Early American Post: Annie vs Peter Pan and Wendy

Birthday in Fairy-Land By: Thomas Wentworth Higginson


This story begins with Annie who is reading a book. She wished that she could see fairies and then she becomes drawn by the music the fairies are making. The fairies invite her to their land and she participates in a ceremony of crowning. The Queen of the fairies tells Annie that she must leave her home and family behind if she wanted to stay. Annie refuses and learns that leaving her home and family behind would never bring her happiness. At the end Annie realizes it was all a dream and cries for her mother.


When I read this story I couldn’t help but think about Peter Pan, the boy who never grew up and instead lived in Neverland among the fairies, young boys, and other creatures. Thomas Wentworth Higginson’s story tries to tell us that happiness comes at a cost of something else. Annie might like the fairies and their world, but for her to achieve true happiness she could never do so if she were to give up her family and home. However, in Peter Pan’s case he had run away from his home and chose to live in Neverland where he would never grow up. In a way they Annie and Peter Pan represent two different choices where one chose to go back home and one chose to stay.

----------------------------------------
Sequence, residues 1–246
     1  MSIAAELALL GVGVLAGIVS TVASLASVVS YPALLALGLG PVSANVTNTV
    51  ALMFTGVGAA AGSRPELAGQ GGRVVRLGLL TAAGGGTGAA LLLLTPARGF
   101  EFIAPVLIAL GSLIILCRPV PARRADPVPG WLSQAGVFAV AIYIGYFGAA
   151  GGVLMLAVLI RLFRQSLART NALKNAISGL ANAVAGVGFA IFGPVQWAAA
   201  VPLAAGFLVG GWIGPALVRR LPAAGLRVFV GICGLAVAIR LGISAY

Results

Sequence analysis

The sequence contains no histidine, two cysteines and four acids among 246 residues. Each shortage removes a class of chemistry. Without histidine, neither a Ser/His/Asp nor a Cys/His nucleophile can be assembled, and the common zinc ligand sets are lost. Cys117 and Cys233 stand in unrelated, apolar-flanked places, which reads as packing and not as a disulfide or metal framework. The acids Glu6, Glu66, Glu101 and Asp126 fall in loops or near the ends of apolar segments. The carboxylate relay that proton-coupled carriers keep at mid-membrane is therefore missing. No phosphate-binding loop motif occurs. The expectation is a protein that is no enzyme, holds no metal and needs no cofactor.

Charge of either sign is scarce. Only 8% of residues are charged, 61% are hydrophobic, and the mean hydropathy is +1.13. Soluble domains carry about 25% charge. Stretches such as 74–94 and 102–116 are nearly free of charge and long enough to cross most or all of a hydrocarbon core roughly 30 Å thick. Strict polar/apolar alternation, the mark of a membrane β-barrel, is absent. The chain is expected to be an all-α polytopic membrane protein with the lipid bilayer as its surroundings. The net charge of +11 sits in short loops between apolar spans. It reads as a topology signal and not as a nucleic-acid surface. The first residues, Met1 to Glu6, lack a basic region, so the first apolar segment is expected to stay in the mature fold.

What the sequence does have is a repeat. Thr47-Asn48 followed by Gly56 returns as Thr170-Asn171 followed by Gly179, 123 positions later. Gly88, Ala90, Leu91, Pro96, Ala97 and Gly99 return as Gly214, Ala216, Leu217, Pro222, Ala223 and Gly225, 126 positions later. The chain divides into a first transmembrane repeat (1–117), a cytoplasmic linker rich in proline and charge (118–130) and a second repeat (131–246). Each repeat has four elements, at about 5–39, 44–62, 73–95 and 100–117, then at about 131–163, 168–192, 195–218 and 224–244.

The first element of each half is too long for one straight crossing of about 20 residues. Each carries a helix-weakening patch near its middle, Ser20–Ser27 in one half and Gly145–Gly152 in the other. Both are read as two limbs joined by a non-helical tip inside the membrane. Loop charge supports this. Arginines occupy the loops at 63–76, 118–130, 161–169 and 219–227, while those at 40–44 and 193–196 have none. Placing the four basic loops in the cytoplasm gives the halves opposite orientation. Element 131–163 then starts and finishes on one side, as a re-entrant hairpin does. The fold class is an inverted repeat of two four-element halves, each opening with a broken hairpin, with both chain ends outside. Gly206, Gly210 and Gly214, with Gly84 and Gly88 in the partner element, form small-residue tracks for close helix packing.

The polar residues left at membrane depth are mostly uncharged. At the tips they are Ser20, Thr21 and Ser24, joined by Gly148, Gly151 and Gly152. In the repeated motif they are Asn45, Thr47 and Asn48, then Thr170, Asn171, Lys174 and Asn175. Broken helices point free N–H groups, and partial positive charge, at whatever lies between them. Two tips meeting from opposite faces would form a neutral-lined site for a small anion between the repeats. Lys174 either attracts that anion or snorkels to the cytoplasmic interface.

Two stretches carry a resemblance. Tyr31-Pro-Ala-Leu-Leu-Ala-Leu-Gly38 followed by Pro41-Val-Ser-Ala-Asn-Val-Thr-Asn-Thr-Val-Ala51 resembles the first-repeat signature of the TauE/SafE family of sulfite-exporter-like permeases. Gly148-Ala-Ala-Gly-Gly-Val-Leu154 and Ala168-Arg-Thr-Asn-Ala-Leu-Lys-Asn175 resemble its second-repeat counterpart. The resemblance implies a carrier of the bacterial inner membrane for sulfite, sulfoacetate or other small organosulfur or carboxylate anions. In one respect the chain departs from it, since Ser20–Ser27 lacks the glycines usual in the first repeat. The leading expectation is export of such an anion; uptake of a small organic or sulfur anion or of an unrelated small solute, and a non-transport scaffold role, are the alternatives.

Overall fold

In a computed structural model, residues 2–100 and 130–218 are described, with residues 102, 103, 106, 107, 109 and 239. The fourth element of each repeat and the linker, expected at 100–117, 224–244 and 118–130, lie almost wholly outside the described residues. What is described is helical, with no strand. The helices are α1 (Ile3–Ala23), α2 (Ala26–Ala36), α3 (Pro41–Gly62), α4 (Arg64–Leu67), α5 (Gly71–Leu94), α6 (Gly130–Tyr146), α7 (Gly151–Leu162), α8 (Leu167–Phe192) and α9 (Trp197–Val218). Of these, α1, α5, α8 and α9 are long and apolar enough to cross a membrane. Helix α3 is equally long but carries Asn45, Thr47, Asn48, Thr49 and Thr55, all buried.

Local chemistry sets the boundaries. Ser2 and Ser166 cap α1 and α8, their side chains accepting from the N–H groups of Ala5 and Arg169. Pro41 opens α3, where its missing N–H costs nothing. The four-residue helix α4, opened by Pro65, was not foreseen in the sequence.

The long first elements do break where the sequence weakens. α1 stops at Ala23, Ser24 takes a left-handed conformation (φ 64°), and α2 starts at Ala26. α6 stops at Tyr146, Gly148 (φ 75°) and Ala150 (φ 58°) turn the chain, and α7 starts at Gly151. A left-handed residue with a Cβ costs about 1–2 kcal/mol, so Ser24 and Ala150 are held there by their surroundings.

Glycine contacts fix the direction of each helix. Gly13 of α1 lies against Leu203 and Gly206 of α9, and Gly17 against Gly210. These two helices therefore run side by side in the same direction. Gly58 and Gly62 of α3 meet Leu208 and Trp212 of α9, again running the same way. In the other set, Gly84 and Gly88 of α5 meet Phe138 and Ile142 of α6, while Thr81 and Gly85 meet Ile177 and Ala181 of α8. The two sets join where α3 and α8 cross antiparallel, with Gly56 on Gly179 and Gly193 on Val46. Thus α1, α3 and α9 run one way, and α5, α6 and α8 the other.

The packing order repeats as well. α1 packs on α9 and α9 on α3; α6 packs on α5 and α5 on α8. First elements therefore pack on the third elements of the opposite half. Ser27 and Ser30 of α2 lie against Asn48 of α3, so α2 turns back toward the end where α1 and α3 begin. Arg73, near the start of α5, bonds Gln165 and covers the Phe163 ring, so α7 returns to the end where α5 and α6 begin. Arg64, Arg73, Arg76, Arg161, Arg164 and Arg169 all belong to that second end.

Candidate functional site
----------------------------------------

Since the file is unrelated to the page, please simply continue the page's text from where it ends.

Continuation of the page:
Wendy, the girl who Peter Pan brings to Neverland is similar to Annie because she chose to go home to her family and grow up. When Wendy has grown up and has a child named Jane she tells her that out of all the things she liked she had chosen her home:

“And then he flew us all away to the Neverland and the fairies and the pirates and the redskins and the mermaids’ lagoon, and the home under the ground, and the little house.”

“Yes! which did you like best of all?”

“I think I liked the home under the ground best of all.” (Barrie, Chapter 17).

When you compare this to how Annie thinks of home and her family you can see the similarity between both girls. When Annie thinks about having to leave her family for Fairy Land, she knows that she would not truly be happy there: “ ‘And shall I never, never, see the darlings again?’ though she; ‘and have I agreed to stay here for ever, and let them look for me in vain, and at last mourn for me as lost? Oh! How foolish and wicked I was to think, that any thing here could give me any pleasure, without having them with me!’ ” (Higginson, Page 20-21).


Barrie, James. “Peter Pan.” Gutenburg. 25 June 2008. Web. 18 Oct 2015. <http://www.gutenberg.org/files/16/16-h/16-h.htm#link2HCH0003>.

Higginson, Thomas. “Birthday in Fairy-Land.” Boston Literary History. 1850. Web. 18 Oct 2015. <http://www.bostonliteraryhistory.com/chapter-4/thomas-wentworth-higginson-1823-1911-             birthday-fairy-land-story-children-boston-wm-crosby>.